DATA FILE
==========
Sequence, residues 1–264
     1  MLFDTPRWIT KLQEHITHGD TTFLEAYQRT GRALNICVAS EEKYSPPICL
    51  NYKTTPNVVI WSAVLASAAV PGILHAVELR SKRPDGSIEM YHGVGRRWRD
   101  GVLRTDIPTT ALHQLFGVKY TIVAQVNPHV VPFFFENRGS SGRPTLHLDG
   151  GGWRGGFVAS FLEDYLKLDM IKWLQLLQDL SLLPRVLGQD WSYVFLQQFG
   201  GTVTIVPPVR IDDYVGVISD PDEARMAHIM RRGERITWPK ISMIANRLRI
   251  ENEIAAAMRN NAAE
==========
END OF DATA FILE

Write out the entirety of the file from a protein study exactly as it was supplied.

Sequence, residues 1–264
     1  MLFDTPRWIT KLQEHITHGD TTFLEAYQRT GRALNICVAS EEKYSPPICL
    51  NYKTTPNVVI WSAVLASAAV PGILHAVELR SKRPDGSIEM YHGVGRRWRD
   101  GVLRTDIPTT ALHQLFGVKY TIVAQVNPHV VPFFFENRGS SGRPTLHLDG
   151  GGWRGGFVAS FLEDYLKLDM IKWLQLLQDL SLLPRVLGQD WSYVFLQQFG
   201  GTVTIVPPVR IDDYVGVISD PDEARMAHIM RRGERITWPK ISMIANRLRI
   251  ENEIAAAMRN NAAE